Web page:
Disillusioned former Labour MPs train their fire on Jeremy Corbyn

London Letter: Liberal Democrats aim to channel Brexit opposition into support for them

The event at the Glaziers' Hall near London Bridge was billed as the launch of the Liberal Democrats' policy on equality and human rights but its real focus was on the failings of Labour and the Conservatives.

Luciana Berger and Chuka Umunna, who left Labour in January to form The Independent Group (later Change UK) before joining the Liberal Democrats in the summer, trained much of their fire on Jeremy Corbyn.

Berger, who faced appalling anti-Semitic abuse as a Labour MP and was given a police escort when she went to the party conference, said Corbyn had betrayed the values of equality and anti-racism.

“As a party with anti-racist history, never did I think that I would be forced out of the Labour Party because of anti-Jewish racism. But that is what has happened and I’m not the only one,” she said.

“Jeremy Corbyn’s leadership has changed everything. I went from being a Labour MP to being seen as a Jewish MP – one that was at the receiving end of storms of anti-Semitic insults and harassment. The problem is that the tone is set from the top. Jeremy Corbyn and his team have created a party machine which protects and normalises anti-Semitic ideas and individuals.”

Britain's Equality and Human Rights Commission (EHRC) is investigating allegations of anti-Semitism in Labour, the first time the statutory body has launched such an inquiry into a political party since it investigated the far-right British National Party (BNP) in 2010. Berger called on the commission to publish its findings before the general election on December 12th.

“In any other circumstance this catalogue of disgrace would prompt the resignation of a party leader. Instead, good Labour people tweet their outrage at what is happening in their party, but continue to sponsor not only Jeremy Corbyn’s leadership, but him becoming prime minister at this next general election,” she said.

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Corbyn has condemned anti-Semitism as a poison and claimed that new procedures have improved his party’s response to it. He has also apologised for making a Facebook comment criticising the removal of an anti-Semitic mural, saying he had not looked at it properly.

Actor Eddie Marsan said Corbyn was "either anti-Semitic or ignorant", adding that he had switched his support from Labour to the Liberal Democrats, an experience he described as "a political enema".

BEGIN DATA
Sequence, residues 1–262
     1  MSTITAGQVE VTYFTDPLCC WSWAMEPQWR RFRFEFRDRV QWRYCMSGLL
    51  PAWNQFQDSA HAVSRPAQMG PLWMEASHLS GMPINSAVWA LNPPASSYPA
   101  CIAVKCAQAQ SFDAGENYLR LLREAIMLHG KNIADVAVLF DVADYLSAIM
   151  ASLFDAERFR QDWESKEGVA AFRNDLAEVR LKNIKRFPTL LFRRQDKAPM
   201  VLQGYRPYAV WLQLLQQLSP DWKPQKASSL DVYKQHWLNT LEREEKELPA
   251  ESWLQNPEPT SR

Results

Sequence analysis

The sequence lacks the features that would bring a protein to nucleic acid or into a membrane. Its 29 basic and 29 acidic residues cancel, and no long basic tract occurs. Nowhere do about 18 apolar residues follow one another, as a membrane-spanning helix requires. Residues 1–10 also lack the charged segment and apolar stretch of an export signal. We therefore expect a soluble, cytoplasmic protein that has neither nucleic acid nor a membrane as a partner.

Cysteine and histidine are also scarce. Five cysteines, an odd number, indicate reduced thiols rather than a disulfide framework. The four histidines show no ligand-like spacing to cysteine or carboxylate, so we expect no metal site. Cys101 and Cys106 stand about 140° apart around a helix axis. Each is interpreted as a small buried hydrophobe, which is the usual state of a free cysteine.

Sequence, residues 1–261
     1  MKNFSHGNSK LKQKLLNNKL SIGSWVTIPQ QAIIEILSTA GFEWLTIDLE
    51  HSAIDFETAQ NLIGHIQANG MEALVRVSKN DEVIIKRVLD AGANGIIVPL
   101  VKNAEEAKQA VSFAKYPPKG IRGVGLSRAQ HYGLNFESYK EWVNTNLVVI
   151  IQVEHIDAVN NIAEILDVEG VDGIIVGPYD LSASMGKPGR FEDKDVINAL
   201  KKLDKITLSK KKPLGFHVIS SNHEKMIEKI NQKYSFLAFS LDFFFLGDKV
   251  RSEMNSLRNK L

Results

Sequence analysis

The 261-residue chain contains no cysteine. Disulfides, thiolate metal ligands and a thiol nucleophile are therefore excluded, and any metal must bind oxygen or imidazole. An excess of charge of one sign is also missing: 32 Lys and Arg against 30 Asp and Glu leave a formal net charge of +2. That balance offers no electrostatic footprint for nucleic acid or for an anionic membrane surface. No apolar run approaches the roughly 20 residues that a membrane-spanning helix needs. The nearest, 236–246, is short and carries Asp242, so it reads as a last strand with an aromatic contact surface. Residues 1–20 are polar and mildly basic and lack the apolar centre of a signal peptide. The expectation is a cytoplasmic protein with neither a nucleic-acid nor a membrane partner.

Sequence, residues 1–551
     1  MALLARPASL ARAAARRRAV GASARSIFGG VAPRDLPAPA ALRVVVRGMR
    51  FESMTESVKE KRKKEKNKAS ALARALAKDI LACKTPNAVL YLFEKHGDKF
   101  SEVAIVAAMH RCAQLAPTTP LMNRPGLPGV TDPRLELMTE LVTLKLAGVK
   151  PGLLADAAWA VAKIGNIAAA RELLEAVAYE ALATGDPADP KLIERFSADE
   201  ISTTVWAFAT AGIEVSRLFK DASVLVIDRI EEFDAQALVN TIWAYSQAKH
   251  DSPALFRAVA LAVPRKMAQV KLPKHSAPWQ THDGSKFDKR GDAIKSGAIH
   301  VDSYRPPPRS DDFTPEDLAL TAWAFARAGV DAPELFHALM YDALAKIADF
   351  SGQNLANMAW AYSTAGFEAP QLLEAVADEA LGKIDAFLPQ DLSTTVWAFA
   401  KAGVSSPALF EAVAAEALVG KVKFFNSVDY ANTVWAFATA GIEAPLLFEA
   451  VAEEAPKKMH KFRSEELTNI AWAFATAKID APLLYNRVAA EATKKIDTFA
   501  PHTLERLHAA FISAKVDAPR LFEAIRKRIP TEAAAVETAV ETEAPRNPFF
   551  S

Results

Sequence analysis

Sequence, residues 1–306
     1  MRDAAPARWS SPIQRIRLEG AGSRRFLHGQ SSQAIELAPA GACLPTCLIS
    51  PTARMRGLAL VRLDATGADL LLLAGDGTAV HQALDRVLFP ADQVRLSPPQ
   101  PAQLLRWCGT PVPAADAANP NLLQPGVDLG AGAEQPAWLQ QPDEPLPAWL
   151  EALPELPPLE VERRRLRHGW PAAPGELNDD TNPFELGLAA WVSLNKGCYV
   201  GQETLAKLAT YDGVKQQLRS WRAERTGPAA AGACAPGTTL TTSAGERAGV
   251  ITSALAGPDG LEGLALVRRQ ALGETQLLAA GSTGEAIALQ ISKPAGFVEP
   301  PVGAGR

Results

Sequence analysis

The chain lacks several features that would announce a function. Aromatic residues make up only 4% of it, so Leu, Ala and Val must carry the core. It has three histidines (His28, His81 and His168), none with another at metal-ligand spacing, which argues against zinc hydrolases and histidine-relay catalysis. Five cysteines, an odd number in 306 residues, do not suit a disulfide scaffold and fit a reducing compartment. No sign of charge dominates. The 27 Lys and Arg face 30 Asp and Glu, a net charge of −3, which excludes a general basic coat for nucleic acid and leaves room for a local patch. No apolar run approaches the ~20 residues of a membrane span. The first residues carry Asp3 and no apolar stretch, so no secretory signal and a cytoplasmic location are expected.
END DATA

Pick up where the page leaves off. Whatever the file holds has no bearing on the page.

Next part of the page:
Liberal Democrats continue to mouth the official line that Jo Swinson could become Britain's next prime minister

The Conservatives expelled some members this week for posting anti-Muslim social media messages as Boris Johnson faced criticism for broadening a planned inquiry into Islamophobia in the party to include prejudice more generally. Umunna said that both of the big parties had failed to defend values of equality and human rights.

“Given recent history, events and painful personal experiences of what it is to be a member of Jeremy Corbyn’s Labour Party, we believe Labour lacks the moral authority and ability to defend our country against the forces of reaction, hate and division. The same is true of the Conservatives. That is because you need only look at what has happened in those parties these last few years to see that they are part of the problem,” he said.

London seats

Both Umunna and Berger are fighting three-way contests in Conservative-held London seats where the Liberal Democrats came a distant third in 2017. They are hoping that their high profile will help to channel opposition to Brexit into support for their party.

Labour warns that, by splitting the anti-Brexit vote, the Liberal Democrats will allow the Conservatives to hold seats they might otherwise lose and gain seats Labour won narrowly two years ago.

In Canterbury, which Labour's Rosie Duffield, an enthusiastic advocate for a second referendum, won in 2017 with a majority of 187, the Liberal Democrat candidate withdrew last week but was replaced and disciplined by the party.

Almost all of the Liberal Democrats' target seats are held by the Conservatives but they need to attack Labour to reassure wavering Tory voters that they will not help to put Corbyn into Downing Street. Liberal Democrats continue to mouth the official line that their leader Jo Swinson could become Britain's next prime minister.

But Umunna made clear that the party is preparing for another hung parliament, suggesting that it mattered less which party formed the government than how the majority of MPs would vote on putting Brexit to another referendum.

“Unless you depress the number of Tories, you can’t get a people’s vote,” he said.